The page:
So what ends up happening? What ends up happening is there is nobody whose job it is to help you get back to the things that you're interested in. Once you can go back to work, sleep through the night, change the channel, drive your car, insurance companies stop paying. So schools only educate their students largely to get their patients to be able to do those things. Sure, there are elective classes and there are some schools that go above and beyond, but we're talking about the rule here, not the exceptions.
So schools are teaching their students how to get their patients back to their ADLs; driving their car, going to the bathroom, sleeping through the night, doing their job. Doctors are taught to stop treating the patient after they've achieved their ADLs. But your interests lie, your client's interests lie in being able to lift heavy weights and being able to run five miles at a time and being able to play pickup sports on the weekend and being able to play with their kids and chase them around the yard and being able to go fishing. No one's teaching doctors how to help patients with that problem. The unfortunate opposite side of this is that coaches aren't really taught how to help people with that either. So whose problem is it really?
We believe at Active Life that while medical professionals could be retrained on how to do this for their patients, that is the wrong place for us to be focusing. Medical professionals, doctors are the people who should be there to restore one's ability to regain access to activities of daily interest. It's the coach's job to be able to take the client, who just finished being a patient all the way across the finish line. No insurance company is going to reimburse a doctor who says that their patient feels fine, except when they're dead lifting over 200 pounds. No insurance company is going to reimburse a doctor who says that their patient is fine, except when they run five miles or more. No insurance company is going to reimburse the doctor when their patient says, "They're fine," unless they're throwing the ball as hard as they can.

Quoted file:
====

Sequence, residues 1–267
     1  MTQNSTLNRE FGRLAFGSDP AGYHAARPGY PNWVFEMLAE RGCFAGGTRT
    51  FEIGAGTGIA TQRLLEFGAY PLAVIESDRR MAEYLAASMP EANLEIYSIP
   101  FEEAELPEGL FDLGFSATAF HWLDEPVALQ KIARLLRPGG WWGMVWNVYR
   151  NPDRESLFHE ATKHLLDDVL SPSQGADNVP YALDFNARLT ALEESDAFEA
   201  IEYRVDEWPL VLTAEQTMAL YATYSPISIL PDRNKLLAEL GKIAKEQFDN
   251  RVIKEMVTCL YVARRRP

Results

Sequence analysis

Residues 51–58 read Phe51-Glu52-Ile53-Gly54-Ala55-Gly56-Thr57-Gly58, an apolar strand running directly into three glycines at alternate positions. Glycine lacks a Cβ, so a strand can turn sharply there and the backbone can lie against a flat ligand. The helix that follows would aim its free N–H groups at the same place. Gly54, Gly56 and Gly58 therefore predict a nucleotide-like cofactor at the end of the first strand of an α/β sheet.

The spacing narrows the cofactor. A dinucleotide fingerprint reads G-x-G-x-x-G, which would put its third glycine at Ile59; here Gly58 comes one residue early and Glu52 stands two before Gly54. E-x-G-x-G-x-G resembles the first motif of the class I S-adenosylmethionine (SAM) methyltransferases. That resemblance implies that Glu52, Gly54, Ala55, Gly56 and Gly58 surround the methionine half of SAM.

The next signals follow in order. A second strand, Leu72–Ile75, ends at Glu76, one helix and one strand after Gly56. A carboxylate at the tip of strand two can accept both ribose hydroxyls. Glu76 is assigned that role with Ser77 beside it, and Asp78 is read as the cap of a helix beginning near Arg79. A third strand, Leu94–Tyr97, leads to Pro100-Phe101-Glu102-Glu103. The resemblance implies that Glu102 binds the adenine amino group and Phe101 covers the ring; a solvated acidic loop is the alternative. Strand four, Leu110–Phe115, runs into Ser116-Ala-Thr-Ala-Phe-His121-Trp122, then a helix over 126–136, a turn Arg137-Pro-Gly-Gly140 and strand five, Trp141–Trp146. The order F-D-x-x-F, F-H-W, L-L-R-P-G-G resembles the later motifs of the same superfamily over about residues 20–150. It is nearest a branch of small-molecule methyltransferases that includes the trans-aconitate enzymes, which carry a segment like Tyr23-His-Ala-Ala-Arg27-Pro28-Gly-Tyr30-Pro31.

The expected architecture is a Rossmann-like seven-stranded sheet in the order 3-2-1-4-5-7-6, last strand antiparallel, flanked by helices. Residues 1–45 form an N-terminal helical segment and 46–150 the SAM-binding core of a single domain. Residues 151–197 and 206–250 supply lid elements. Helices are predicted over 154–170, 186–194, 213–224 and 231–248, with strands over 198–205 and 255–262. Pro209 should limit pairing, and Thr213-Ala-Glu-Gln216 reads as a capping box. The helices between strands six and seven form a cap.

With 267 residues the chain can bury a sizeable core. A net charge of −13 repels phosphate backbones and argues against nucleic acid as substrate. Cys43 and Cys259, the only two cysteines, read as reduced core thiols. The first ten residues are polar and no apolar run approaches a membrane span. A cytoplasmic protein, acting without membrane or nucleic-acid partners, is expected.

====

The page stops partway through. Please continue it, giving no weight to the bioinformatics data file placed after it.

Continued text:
These are things that do not classify as activities of daily living. They classify as activities of daily interest. Therefore, they will never fall into the purview of the medical professionals. The best people in the world to grab this slack and do something of meaning with it are coaches. The problem that coaches are facing today is that the amount of education that a coach has is so variable. It could be a textbook and a test. It could be a weekend seminar. It could be an extensive course load. No matter what it is, there is a wide array of inconsistency that is there. And most coaches who are getting the certification are doing it either by the textbook variety or by the weekend certification.
Most coaches don't know the difference between the function of the gluteus maximus and the gluteus medius. But these are things that they need to know if they're going to be able to help their clients bridge the gap between ADLs and ADIs. Most coaches aren't even educated on the various planes of motion; frontal, transverse, sagittal. So they don't know how to address problems that only exist in one, but not the other two.
At Active Life it's our ambition to humanize the doctor, professionalize the coach by providing them this education, and empower the individual by affording them the opportunity to go to a doctor who has been humanized, who understands that their role is to help with ADLs and then refer to the coach whose job it is to help with ADIs, so that the individual can get the outcomes that they want. I believe that we can fix healthcare if we start looking at it for what it is, incentivizing people who need education to be able to fill in what it is not, and that's our mission.